Despite team owner Sir Frank Williams suggesting that it may take some time to formalise his line-up for next season's F1 world championship, it would appear that the current pairing of Rubens Barrichello and Pastor Maldonado could remain at Grove.

Although not asked to comment on F1 rookie Maldonado's performances this season, Williams admitted that, while Barrichello provided a vital source of experience, it was unlikely that a decision on his position would be made in the short term. The Brazilian joined Williams two years ago but, after a promising 2010 campaign in which he finished in a share of tenth place overall, 2011 has proved to be something of a struggle for the entire team. A best of ninth, achieved in successive races in Monaco and Canada, leaves 39-year old Barrichello 16th in the drivers standings, while Williams languishes in ninth spot - and last of the established teams - in the constructors' table.

"I can't say anything about our drivers until we have made up our own minds," Williams told a media conference over the Silverstone weekend, "But Rubens is very highly regarded - truly a treasure trove of information and experience and something that will not be thrown away lightly. I think he has [done all that was expected of him this season] and I think, if we had given him a better car, he would have been very close to the front, if not at the front. He is a superb driver."

Just 48 hours after Williams brushed aside the question of his 2012 line-up, however, the team's chairman, Adam Parr, expressed the view that it would go with an unchanged line-up.

"I think that's vastly the most likely outcome," he told Reuters reporters at the British Grand Prix, noting that South America - and Brazil in particular - was a key market for returning engine partner Renault.

"When Rubens is tweeting 'we're back with Renault, this is fantastic news' - bang! A million people, who've opted to follow him, get an endorsement of Renault which is not commercially driven. It's what he generally feels about their company and brand, and how do you quantify what that is worth? How many TV adverts of a Clio is that worth?"

Maldonado has yet to open his F1 points account, but has appeared on course to do so on several occasions, most notably in Monaco where he was punted out by Lewis Hamilton, and has impressed Parr with his performances this season.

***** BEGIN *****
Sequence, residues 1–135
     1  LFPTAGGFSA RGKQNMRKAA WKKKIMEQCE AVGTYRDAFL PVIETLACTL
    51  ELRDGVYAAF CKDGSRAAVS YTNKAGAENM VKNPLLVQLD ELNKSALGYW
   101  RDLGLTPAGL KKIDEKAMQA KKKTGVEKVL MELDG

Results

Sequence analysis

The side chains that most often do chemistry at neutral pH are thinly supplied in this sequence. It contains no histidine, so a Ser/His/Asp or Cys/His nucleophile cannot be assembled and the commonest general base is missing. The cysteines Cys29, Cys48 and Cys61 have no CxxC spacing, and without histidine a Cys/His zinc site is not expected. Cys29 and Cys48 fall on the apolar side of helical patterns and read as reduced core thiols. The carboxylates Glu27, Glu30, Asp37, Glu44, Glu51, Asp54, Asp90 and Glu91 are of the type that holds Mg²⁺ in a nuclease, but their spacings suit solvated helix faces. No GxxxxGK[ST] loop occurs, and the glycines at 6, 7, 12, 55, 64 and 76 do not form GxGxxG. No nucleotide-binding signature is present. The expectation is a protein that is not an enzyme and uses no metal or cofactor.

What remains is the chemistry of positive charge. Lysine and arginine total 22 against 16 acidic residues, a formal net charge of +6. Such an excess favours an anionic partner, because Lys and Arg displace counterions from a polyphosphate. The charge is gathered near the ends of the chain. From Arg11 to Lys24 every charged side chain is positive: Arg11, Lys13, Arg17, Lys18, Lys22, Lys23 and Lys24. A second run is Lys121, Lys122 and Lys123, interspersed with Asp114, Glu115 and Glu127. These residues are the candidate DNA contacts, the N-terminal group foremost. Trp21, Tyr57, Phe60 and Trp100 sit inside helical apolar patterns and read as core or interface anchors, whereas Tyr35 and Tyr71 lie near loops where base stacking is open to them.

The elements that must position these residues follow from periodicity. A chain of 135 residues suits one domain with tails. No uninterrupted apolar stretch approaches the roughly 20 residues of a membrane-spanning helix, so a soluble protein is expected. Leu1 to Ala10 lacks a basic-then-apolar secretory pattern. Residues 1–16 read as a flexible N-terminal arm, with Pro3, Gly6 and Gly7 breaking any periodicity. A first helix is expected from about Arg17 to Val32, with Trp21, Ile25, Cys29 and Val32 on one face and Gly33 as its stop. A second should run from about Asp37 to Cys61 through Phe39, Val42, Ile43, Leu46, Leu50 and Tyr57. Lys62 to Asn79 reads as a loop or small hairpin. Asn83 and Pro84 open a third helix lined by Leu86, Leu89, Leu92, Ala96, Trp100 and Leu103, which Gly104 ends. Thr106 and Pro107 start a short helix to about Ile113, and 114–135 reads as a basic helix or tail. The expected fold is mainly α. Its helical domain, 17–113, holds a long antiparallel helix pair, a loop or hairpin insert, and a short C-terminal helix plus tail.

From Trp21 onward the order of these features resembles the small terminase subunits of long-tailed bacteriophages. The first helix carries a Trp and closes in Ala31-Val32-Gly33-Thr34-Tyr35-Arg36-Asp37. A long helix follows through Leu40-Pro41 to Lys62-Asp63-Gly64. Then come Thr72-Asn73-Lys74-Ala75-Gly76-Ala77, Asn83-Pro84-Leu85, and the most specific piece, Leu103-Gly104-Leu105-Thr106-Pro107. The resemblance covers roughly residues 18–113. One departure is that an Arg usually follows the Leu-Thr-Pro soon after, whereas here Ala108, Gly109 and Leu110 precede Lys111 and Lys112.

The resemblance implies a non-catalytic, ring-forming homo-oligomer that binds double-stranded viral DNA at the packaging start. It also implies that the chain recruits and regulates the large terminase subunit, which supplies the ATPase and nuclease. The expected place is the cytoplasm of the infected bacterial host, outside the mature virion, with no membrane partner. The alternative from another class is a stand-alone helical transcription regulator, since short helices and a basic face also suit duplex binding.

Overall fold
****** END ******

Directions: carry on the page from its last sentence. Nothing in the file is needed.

"I always believed, and people derided us or me for saying it, but I think he's a very, very talented driver," he said of the mercurial Venezuelan, "His record in GP2 certainly earned him a place in F1 and you could see the speed. What I think he's begun to show is a degree of consistency and maturity that perhaps people didn't expect as well."

The biggest challenge for the team, according to Parr, is finding the results that will again make it attractive to sponsors, although the deal with Renault could help rekindle memories of success.

"Our on-track performance was just so obviously inadequate that to be talking with sponsors just wouldn't have worked," he said of the opening half of the season, "I told the marketing guys to back off and keep things ticking over for the moment, because we need to put in place a vision for the future which is very different to the vision of the present. We now have some fantastic conversations going on and I'm very optimistic we will bring in some stunning new partnerships for next year."

Williams, too, admitted that he was looking forward to renewing links with Renault, although a little wary of not being at the same level as when the two parties went their separate ways after claiming four drivers' titles in a ten-year relationship between 1989-99. The team has used Cosworth engines for the past two years, and Williams accepts that there is a big difference between the companies.

"I'm more concerned in a way than excited, as I think they might be disappointed they are not going to get back what they last knew ten years ago," the veteran team owner confessed, "We are not quite as top a team as we were then but, having that said, it's a wonderful opportunity for us to regain our momentum.

"[Renault] is different to a company like Cosworth, who sell engines. That's their job - and they are very good engines, by the way. With ours, we have never had a failure, but, when you are allied with a manufacturer, they have a certain number of facilities available to a team such as ours that we can't afford for ourselves. Some of those little facilities make a big difference. A tenth here and a tenth there and that's what we hope will happen. Any team principal would tell you he'd give anything to find a couple of tenths of a second between now and the end of lunchtime."